Anthony Rizzo is Plenty Good and Other Bullets

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Anthony Rizzo is Plenty Good and Other Bullets

Chicago Cubs

anthony rizzo hittingMy non-Wrigley ballpark tour continues today, as I’ll be heading to Milwaukee to see the Brewers host the Yankees (Tanaka!) at Baseball Prospectus’s event at Miller Park. That’s going to have me departing relatively early in the day, so, although there should be plenty of content, I may not be around quite as much in the comments/Twitter/etc. later today.

  • Jed Hoyer tells Patrick Mooney what many have been saying for a long time: Jose Abreu, while a fine player, was not someone who made sense for the Cubs to pursue: “In our situation, in the National League with a young, left-handed-hitting first baseman, [Abreu] wasn’t a player we were interested in. Had there been a player with his profile that played outfield or maybe played a different position, we would have been involved as well.” There’s a reason that every single finalist for Abreu was an American League team.
  • By the way, at the close of the White Sox/Cubs series, Jose Abreu has a .392 wOBA and a 147 wRC+. Really incredible numbers. Anthony Rizzo is at .404 and 156. Rizzo is younger, less expensive, under team control for longer, a better defensive first baseman, and a better hitter of meatballs. Just sayin’.
  • Jeff Samardzija threw 126 pitches on Monday night, and the Cubs’ GM was still answering questions about it on Thursday night (CSN, – in that respect, I’ve got to agree with Jed Hoyer when he says that this is something that just needs to die. Everyone has said his peace, everyone is mostly on the same page – it probably won’t happen again, but was probably ok-ish on Monday – and it’s been beaten to death. I regret my part in focusing on it so intensely earlier in the week, though, in my defense, that was immediately after it happened.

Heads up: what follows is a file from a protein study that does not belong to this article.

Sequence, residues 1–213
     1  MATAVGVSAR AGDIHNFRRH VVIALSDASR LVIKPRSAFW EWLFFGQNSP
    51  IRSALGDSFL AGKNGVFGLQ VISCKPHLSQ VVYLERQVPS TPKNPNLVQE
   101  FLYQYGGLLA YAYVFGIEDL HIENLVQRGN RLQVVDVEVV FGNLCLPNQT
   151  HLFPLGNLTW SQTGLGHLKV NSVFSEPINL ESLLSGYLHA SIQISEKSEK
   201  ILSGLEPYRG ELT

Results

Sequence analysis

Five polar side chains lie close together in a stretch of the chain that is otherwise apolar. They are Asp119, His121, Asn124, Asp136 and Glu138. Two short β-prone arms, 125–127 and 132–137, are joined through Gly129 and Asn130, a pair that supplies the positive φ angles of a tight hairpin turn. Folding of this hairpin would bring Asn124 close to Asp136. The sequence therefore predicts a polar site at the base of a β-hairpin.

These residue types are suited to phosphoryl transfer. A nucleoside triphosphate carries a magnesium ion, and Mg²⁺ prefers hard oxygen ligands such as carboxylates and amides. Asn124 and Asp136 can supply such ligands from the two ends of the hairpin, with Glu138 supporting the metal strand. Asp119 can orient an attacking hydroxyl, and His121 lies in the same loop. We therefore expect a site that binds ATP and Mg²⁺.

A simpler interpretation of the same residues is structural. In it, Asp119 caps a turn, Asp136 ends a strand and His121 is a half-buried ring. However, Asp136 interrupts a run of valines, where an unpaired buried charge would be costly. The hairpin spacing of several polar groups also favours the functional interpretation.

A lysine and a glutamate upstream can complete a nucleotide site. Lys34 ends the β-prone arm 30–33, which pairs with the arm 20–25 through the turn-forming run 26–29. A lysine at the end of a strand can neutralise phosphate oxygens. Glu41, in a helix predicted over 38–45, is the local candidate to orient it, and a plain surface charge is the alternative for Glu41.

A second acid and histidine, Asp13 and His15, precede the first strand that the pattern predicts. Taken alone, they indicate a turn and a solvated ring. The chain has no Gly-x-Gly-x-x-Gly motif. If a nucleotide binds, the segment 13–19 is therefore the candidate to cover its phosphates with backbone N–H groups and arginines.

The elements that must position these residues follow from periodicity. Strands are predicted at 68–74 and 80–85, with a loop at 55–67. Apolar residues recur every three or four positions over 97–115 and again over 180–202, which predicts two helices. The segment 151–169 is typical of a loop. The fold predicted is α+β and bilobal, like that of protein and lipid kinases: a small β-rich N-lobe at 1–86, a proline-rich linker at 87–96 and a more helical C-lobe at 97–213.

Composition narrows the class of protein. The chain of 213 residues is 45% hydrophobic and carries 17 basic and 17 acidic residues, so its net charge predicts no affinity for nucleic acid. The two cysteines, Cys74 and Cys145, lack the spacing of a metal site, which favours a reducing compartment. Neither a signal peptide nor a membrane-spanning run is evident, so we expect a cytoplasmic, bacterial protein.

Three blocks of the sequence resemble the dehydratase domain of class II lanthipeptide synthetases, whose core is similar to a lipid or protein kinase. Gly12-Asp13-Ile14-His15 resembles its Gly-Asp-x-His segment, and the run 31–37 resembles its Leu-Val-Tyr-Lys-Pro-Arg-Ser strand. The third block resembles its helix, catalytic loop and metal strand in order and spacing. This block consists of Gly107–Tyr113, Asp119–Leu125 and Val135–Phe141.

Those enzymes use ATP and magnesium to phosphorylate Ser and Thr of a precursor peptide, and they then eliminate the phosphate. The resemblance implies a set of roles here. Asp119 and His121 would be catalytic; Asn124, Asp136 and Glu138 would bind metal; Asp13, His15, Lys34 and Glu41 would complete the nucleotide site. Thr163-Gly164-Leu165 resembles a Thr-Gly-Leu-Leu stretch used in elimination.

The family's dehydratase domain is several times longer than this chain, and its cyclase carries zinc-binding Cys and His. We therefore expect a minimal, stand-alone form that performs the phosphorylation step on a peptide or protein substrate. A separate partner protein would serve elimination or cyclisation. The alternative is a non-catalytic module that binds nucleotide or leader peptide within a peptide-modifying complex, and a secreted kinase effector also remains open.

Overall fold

• I know he’s been striking out a lot, but I do wonder: if Mike Olt didn’t have a .186 BABIP, how might his .184/.259/.434 look?
  • You can tell from the scatter plot of his pitches that Jake Arrieta had some control issues last night. It’s worth pointing out, though, that there were three pretty clear strikes that were called balls, and two of them were potentially at-bat-ending calls. That’s probably true most nights for most pitchers, but it’s interesting to think about the impact it can have on a guy’s outing. Maybe one of those calls ends an inning before a few more hits are lodged? Maybe he can pitch another inning or two. So on and so forth. (Can you tell I’m really getting into the relationship between ball/strike calls and pitcher performance and pitch framing this season?)
  • Jed Hoyer is happy with how Rick Renteria has performed so far this year (Carrie Muskat), setting an appropriate tone and creating an environment in which players can succeed. From where I sit, that’s how I feel – the early returns on the things that matter right now (player development and/or rebounding) look pretty good. Obviously I’ve got some in-game philosophical differences with RR, but they’re relatively minor and infrequent.
  • A couple prospect notes from Sean Kernan: Rob Zastryzny probably won’t miss a start after taking a liner off of his arm this week, and Zeke DeVoss is scheduled to play for Daytona, although he was technically sent down to Boise. It looks like that was just a procedural move, rather than a “goodbye from the organization” move.
  • One more prospect item: Kris Bryant raised his OPS about 40 points yesterday. That, alone, isn’t that amazing, given that a big day will do that in May. But it’s amazing because his OPS was already 1.028 entering the day!
  • I really would:

Author: Brett Taylor

Brett Taylor is the Editor and Lead Cubs Writer at Bleacher Nation, and you can find him on Twitter at @BleacherNation and @Brett_A_Taylor.